Such gushing doesn’t prevent Benson from writing candidly about Kubrick’s personal obsessions and eccentricities, a feature that gives color and drama to this very odd couple. The quiet, obsessive Kubrick needed Clarke—gay, philosophical, self-absorbed, and magnanimous—to show him the way. A real friendship developed between the young American director and his older British ex-pat collaborator. Yet Kubrick’s obsessive need to control every aspect of 2001’s production—even when it meant cutting out Clarke’s rights to the film with ruthless efficiency—limited his capacity to get close to Clarke, or to anyone else outside of his immediate family.

Benson is not afraid to get into the weeds of his subject, and at times this sweeping saga plays out a little too close to the ground. We learn that Kubrick’s daughter suffers from croup, that Kubrick asked Clarke’s advice about buying telescopes, and that Clarke’s business partner was involved in filming a James Bond parody in Sri Lanka: “Sorungeth Soru but often referred to simply as Jamis Bandu.

Fortunately, other details are more revealing. We learn that Kubrick gives Clarke a copy of Joseph Campbell’s The Hero with a Thousand Faces, a book of comparative mythology that identifies components—travel, hardship, transformation, and the return home—common to all hero stories. This framework not only describes Odysseus, the Homeric touchstone for the film’s title, but also—quite consciously—the structure of the film itself. We also learn that the stately pace of 2001’s spaceship scenes—unfolding to the strains of Strauss’s Blue Danube—were not merely the product of Kubrick’s aesthetic vision, but also the result of a technical necessity to keep the star fields from strobing when filmed at 24 frames per second.

Despite its rough start with critics, 2001 eventually became a box-office hit. The film’s opaque plot and lack of narration may have put off older audiences, but younger filmgoers loved its visual aesthetic, spectacular effects, and psychedelic ending. Over time, even critics started to come around. Newsday’s Joseph Gelmis panned 2001 on his first viewing but, after accepting an offer to screen the film again, printed a retraction of sorts: “A professional critic is sometimes trapped by his own need for convenient categories, cannons, and conventions.”

In the years after its release, 2001 quickly diffused into popular culture, from the songs and videos of David Bowie to episodes of The Simpsons. A generation of directors—James Cameron, Steven Spielberg, George Lucas—speak reverentially of the film, with Lukas calling it “the ultimate science fiction movie.” Indeed, Lucas quite consciously used Joseph Campbell’s hero-myth cycle in his own Star Wars epic.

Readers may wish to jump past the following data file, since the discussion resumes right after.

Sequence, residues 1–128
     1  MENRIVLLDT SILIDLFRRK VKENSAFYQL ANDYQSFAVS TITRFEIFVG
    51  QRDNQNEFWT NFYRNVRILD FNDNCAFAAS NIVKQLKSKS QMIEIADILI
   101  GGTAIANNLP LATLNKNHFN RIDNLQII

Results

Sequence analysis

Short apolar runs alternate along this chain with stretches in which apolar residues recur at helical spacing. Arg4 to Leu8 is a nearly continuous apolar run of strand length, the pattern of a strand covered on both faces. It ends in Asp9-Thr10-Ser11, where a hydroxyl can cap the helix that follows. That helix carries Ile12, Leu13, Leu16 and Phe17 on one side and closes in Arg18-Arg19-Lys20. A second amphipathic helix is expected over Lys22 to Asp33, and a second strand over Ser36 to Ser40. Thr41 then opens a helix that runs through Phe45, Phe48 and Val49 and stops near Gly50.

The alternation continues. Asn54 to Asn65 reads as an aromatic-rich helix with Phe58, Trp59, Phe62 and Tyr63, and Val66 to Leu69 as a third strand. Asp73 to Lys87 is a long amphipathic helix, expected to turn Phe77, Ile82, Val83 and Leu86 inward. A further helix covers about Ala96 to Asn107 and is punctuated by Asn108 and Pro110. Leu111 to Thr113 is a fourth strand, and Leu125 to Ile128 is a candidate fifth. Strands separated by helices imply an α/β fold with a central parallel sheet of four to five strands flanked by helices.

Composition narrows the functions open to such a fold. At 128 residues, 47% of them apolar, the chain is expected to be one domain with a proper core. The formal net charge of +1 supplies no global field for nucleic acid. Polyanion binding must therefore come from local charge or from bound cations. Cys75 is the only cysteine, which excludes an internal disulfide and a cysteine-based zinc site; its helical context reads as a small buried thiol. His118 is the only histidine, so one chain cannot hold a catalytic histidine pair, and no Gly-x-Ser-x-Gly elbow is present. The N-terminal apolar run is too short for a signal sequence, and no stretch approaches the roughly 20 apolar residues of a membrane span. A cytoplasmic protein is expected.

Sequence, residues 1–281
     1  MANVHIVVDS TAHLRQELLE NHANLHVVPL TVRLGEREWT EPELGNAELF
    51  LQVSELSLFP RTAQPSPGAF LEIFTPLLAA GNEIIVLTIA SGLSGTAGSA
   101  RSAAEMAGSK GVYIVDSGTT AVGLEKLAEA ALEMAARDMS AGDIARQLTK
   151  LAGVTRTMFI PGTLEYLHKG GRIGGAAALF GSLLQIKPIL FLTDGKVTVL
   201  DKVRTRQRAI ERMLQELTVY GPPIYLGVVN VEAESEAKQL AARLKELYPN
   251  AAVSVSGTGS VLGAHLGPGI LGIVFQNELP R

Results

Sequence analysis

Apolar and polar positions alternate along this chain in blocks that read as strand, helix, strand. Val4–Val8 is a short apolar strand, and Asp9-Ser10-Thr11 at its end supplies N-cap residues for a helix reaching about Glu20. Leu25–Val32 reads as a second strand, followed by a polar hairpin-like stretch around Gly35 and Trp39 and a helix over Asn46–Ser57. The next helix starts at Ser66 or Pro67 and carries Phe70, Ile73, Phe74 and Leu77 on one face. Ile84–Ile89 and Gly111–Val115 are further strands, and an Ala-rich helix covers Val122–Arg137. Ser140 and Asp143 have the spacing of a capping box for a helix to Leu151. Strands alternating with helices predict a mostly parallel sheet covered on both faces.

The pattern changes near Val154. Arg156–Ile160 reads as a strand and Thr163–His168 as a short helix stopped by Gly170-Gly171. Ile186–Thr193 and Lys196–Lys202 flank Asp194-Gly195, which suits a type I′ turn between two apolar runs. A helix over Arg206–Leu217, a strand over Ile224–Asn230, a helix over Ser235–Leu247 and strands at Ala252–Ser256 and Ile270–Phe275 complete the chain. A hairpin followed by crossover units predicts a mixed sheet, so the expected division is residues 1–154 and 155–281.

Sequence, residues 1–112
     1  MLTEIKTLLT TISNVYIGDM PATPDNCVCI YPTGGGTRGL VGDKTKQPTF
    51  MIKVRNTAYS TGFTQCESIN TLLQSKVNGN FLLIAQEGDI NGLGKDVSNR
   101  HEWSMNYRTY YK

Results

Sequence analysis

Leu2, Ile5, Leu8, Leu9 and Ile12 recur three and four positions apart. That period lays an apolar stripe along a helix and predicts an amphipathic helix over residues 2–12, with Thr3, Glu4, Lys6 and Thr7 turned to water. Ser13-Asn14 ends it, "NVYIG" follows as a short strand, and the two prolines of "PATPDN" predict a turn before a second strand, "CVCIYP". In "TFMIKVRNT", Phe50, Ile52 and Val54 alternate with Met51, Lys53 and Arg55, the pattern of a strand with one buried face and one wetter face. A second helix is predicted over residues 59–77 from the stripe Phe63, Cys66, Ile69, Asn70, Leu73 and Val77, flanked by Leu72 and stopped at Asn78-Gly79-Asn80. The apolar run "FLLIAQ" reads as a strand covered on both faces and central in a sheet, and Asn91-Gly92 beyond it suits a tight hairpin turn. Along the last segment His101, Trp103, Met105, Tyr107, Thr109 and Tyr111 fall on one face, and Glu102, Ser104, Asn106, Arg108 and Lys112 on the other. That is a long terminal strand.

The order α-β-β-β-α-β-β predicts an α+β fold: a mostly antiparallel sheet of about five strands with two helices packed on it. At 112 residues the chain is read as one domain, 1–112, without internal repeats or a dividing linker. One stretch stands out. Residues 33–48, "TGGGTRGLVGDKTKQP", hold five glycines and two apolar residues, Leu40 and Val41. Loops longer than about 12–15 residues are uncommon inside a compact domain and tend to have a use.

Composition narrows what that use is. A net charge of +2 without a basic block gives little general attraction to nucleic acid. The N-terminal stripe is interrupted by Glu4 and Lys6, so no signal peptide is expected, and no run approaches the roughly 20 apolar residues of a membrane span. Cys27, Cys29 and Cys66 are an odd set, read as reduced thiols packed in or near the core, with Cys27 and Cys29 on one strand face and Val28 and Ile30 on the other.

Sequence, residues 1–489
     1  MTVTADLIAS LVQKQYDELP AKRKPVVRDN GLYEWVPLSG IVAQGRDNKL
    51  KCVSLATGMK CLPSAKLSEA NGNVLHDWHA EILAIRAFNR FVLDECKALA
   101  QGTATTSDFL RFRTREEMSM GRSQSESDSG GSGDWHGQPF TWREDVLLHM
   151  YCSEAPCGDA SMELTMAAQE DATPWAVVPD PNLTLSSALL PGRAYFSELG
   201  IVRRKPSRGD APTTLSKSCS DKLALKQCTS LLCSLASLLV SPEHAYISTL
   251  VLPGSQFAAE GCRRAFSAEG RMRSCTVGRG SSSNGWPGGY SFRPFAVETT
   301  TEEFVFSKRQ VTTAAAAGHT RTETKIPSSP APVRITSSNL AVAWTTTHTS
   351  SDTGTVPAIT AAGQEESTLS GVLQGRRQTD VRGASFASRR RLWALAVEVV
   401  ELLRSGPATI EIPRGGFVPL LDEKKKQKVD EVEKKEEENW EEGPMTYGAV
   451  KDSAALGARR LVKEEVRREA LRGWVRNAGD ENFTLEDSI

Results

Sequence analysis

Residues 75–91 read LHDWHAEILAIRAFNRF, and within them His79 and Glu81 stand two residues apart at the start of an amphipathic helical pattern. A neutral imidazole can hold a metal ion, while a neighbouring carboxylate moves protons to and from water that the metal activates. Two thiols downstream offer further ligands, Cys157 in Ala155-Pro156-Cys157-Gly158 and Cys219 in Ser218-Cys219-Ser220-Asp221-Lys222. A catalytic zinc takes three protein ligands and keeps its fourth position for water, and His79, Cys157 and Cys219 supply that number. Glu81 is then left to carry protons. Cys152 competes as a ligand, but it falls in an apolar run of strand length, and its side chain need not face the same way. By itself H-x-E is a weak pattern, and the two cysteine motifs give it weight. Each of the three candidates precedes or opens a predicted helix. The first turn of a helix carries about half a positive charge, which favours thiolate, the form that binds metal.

Yet there are other ways, too, that 2001 speaks to the present. The Hal 9000 computer would appreciate, I think, the evolution of machine learning now used by Google and other companies to drive cars and translate documents. The genre of science fiction, so derided in the early 1960s, has given rise to a canon of serious films, such as Solaris, Blade Runner, and Gattaca. Literary novelists—Margaret Atwood, Cormac McCarthy, and Kazuo Ishiguro, among others—have increasingly used science fiction as the stage for storytelling. Benson only spends sixteen pages on 2001’s impact, the briefest of stops in a book that spends 420 pages on the conception and production of the film. Still, he offers a terrific ride, one that like Dave Bowman’s spaceship, Discovery One, sets the course, even if it doesn’t exactly reveal the destination.


Space Odyssey: Stanley Kubrick, Arthur C. Clarke, and the Making of a Masterpiece
By Michael Benson
Simon & Schuster, $30.00, 420 pp.

Michael F. Robinson is a professor of history at University of Hartford. His most recent book is The Lost White Tribe: Scientists, Explorers, and the Theory that Changed a Continent (Oxford University Press, 2016). He runs Time to Eat the Dogs, a blog on science, history, and exploration.